Power boat, sailboat and yacht builders and dealers

 Bulletin: RollerTrol™ Automation Systems is Launched!  
  • We have been busy making and selling 12v marine roller blinds for some time, and we have decided to start selling the components at RollerTrol.com so others can do the same.
  • Take a look at our online store for tubular motors and other associated products - make your own custom blinds that fit your boat perfectly!
  • While you're at it, check out our tubular motors with built-in radio controllers. When used with our multi-channel remotes, you can control all your blinds with a single remote!
  • AND DON'T MISS OUR SUPER LOW DRAW LIGHT SENSING SWITCH - perfect for automatic night-time light sensing operation of your ANCHOR LIGHT!!
  End Bulletin: RollerTrol™ Automation Systems  
 
modify an autohelm to add a wireless remote control
autohelm wireless remote;
control your heading from anywhere on your boat.
by Adrian Biffen

Having installed a wired remote control extension of my autohelm that allows me to alter course, I was ready to take the next step of adding a hand held wireless controller that would allow me to change my heading from anywhere in the boat (or even from outside of the boat). 

My Navico autohelm requires a momentary 'press and hold' action on the course adjustment buttons in order to change course. A brief one second push of the button causes a one degree change, and a longer two or three second push will alter course by ten degrees (to port or starboard, depending on which button you depress).
 
This article series is about using remote control systems to enhance the operation of an autohelm unit in a boat. This project represents the first phase in the development of our Navitrol system, which will be discussed in a separate area. Here are the relevant pages in this series:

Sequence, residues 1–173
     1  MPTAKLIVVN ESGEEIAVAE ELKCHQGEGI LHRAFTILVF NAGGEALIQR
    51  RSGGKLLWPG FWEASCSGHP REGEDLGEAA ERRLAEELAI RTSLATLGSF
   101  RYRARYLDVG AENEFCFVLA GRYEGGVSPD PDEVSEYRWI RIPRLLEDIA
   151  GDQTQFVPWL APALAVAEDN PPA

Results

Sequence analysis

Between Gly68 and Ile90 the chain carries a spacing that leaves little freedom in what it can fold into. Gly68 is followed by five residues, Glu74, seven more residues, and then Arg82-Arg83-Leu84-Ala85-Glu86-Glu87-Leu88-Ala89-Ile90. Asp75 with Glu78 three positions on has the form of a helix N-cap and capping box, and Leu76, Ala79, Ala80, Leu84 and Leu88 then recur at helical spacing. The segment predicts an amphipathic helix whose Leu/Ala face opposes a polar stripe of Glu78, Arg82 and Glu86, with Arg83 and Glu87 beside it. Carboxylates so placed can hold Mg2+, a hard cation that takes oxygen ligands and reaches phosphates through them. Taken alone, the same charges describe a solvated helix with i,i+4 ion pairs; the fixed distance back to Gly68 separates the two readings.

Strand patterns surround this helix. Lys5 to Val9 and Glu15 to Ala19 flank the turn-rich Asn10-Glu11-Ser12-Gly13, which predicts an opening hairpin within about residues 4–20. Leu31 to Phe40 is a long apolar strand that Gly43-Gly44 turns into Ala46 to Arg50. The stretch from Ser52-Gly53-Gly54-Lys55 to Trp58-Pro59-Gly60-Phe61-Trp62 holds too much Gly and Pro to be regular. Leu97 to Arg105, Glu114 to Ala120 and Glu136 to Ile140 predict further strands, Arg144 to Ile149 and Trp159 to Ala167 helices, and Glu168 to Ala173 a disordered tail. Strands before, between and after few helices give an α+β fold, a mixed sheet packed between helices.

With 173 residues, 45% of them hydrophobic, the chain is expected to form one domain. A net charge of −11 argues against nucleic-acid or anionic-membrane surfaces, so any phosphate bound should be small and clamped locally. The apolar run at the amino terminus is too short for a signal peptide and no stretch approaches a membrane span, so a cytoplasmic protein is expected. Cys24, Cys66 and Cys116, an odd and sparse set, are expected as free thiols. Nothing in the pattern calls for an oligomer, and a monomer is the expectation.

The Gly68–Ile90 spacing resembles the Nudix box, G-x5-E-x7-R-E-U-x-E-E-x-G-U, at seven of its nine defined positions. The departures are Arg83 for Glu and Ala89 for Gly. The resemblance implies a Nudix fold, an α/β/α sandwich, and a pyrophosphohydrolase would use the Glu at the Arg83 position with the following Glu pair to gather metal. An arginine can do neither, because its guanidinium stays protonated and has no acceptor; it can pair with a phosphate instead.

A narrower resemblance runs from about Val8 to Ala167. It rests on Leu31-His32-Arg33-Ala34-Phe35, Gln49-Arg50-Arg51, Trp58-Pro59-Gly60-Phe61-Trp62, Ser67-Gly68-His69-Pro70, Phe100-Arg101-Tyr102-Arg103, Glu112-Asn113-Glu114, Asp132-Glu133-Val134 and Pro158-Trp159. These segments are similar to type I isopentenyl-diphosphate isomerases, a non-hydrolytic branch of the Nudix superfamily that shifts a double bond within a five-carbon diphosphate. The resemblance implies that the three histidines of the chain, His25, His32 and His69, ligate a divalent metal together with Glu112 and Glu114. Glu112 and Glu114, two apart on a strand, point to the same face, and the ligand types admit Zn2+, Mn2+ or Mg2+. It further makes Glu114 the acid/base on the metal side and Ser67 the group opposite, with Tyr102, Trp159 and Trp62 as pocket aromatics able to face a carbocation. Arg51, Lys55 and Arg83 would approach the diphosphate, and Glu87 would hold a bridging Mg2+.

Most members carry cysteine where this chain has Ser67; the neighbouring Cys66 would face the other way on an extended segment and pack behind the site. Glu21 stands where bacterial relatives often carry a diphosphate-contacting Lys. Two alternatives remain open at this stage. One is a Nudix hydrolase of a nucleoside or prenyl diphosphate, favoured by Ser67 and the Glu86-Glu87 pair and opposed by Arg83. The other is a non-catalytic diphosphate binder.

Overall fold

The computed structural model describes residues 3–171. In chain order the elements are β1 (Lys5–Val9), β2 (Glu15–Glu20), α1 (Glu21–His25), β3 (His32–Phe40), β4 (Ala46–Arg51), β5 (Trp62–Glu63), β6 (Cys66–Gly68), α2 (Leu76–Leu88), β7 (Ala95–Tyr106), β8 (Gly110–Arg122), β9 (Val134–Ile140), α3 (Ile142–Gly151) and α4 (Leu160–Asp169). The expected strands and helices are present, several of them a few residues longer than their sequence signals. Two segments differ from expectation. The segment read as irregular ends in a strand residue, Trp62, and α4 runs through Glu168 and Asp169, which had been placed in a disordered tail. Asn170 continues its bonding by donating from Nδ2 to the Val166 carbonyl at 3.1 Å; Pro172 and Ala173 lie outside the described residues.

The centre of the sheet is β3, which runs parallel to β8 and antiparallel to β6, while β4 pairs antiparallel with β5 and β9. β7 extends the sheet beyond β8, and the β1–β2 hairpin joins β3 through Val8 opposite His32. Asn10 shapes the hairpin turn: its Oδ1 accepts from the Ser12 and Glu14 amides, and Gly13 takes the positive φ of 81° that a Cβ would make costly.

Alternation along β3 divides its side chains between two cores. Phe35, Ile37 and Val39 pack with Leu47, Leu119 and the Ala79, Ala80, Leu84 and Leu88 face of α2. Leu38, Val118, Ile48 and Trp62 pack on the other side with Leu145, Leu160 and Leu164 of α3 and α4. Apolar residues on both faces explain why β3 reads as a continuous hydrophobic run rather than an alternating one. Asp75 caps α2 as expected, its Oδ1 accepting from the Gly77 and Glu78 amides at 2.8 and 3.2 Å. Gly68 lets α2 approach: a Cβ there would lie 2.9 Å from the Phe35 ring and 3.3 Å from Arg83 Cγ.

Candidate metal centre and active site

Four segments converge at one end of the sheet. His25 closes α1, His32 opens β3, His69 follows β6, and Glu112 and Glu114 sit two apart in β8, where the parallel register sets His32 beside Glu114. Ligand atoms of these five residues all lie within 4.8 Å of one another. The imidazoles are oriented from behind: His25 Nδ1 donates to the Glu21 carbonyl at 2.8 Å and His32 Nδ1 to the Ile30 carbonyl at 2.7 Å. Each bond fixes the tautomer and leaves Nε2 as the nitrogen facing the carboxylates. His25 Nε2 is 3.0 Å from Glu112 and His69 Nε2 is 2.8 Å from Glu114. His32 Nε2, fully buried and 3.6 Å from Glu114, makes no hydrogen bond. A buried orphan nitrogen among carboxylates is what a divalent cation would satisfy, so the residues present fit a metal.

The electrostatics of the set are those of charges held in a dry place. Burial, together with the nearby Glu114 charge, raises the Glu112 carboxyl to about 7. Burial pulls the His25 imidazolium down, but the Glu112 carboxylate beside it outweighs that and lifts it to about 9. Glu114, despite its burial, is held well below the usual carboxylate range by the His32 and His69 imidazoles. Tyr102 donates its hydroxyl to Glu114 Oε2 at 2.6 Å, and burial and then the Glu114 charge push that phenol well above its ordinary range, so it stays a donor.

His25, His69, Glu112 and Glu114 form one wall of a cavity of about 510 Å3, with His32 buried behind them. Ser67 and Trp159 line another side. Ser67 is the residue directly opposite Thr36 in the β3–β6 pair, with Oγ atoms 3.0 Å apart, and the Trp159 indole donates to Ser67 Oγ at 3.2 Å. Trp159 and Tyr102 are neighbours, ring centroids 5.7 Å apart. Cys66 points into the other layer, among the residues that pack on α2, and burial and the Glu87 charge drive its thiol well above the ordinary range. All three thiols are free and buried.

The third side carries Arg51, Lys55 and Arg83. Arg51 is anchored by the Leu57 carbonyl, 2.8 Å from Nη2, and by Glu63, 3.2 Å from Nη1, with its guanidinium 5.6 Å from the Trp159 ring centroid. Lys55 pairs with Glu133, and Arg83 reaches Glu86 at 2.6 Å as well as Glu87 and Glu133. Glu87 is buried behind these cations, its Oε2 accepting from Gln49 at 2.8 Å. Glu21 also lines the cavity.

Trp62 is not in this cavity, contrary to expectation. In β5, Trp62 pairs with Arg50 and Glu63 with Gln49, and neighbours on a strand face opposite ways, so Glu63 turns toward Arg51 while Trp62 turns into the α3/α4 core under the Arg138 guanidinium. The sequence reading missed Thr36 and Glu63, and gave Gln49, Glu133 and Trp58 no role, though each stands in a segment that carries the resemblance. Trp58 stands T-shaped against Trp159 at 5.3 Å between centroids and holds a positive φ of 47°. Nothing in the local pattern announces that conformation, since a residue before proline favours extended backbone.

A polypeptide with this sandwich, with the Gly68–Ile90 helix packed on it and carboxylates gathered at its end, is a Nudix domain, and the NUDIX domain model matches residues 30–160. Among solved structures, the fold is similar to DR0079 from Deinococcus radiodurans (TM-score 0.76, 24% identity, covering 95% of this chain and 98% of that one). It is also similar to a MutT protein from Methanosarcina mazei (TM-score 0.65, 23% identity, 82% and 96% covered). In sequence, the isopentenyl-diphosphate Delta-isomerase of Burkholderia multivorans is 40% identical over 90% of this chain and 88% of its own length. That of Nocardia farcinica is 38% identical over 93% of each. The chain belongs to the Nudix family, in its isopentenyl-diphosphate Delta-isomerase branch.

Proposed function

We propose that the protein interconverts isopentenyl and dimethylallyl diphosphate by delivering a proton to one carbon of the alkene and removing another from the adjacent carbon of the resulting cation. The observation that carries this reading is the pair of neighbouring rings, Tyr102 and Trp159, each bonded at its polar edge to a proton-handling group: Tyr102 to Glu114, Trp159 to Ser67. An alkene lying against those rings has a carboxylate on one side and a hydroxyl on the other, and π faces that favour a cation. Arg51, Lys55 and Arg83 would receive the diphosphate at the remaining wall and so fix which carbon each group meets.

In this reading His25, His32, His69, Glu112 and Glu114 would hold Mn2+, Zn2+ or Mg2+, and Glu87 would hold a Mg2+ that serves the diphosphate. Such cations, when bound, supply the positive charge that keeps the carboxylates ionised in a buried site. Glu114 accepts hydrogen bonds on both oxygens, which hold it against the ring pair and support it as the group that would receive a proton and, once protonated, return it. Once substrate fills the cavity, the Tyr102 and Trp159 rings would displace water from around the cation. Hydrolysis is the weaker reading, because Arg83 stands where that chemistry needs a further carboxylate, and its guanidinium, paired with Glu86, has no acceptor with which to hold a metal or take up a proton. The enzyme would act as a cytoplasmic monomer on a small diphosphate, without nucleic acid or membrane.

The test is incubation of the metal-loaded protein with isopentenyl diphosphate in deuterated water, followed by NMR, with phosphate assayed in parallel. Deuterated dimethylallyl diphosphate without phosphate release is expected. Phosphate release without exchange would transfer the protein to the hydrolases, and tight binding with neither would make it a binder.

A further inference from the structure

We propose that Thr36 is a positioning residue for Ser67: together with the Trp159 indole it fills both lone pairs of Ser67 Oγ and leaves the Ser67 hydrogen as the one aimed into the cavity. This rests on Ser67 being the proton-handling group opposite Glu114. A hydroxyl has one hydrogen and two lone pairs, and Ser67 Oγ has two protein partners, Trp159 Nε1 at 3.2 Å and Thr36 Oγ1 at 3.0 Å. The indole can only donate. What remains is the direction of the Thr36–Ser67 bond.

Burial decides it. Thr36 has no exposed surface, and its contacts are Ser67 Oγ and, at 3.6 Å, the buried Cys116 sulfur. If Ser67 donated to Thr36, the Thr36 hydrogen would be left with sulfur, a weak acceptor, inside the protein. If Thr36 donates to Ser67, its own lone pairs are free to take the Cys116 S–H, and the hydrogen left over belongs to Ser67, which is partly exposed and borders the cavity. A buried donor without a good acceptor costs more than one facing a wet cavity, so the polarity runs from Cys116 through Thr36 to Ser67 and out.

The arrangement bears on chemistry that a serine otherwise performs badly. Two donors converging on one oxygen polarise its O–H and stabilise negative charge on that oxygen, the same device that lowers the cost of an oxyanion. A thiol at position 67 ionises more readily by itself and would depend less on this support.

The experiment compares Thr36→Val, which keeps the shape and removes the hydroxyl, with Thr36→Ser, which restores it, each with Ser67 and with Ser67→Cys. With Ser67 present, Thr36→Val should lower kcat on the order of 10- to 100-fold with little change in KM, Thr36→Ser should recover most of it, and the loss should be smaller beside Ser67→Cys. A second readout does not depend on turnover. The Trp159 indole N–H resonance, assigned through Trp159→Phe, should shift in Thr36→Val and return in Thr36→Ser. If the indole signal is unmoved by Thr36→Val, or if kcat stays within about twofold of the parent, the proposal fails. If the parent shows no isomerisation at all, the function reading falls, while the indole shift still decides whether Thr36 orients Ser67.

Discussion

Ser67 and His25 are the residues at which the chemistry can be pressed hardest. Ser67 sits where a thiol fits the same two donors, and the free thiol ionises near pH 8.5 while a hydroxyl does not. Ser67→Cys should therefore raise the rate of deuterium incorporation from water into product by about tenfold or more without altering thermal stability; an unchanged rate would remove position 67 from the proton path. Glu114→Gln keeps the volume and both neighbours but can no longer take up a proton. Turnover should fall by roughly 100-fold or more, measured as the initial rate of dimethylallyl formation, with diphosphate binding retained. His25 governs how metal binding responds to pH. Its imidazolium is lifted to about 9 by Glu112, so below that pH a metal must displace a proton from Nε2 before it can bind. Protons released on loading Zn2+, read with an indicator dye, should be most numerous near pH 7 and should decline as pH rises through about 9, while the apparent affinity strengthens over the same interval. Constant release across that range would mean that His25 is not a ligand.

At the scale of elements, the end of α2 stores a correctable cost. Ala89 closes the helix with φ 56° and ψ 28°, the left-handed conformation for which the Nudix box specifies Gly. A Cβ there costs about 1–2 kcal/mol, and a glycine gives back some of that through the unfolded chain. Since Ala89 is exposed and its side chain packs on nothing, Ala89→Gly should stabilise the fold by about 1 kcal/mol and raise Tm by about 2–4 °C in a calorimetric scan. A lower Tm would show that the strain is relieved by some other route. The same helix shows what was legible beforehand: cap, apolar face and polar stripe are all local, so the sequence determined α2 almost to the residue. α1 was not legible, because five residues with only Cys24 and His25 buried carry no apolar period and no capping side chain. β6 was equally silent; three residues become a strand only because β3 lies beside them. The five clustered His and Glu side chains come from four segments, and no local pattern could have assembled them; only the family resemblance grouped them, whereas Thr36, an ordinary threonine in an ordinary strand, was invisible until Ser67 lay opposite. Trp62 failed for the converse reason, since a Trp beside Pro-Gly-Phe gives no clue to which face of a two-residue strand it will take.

(1)
Introduction to autohelm operation
 (2) Conceptual thoughts re extending autohelm operation
 (3) Installing the wired remote control
 (4) Adding a hand held wireless remote control
 
I initially was looking for an x10 device that allowed for a 'press and hold' action that would continue to provide a control voltage until it was released. I discovered that the Ninja robotic camera mount had just such an action, whereby the pan and tilt controls move the camera mount in the selected direction, until the button is released - perfect for my application.

The camera mount arrived, and I started the process pf modifying this unit to work as a steerage wireless remote control. Unfortunately, it turned out to be a stepper motor system, which uses  multiple digital waveforms applied at different phase angles to control the forward and reverse directions of a unipolar stepper motor. It would have required some custom circuitry to adapt it to simple relay control; there wasn't one single point on the circuit board that provided a DC voltage that would control my relays.

I decided it made more sense to keep this unit intact for its intended purpose and buy a separate remote control for this application. I found what I needed in the form of a dedicated robot remote control, and it ultimately proved to be a superior solution. Please see the articles above for a more detailed description.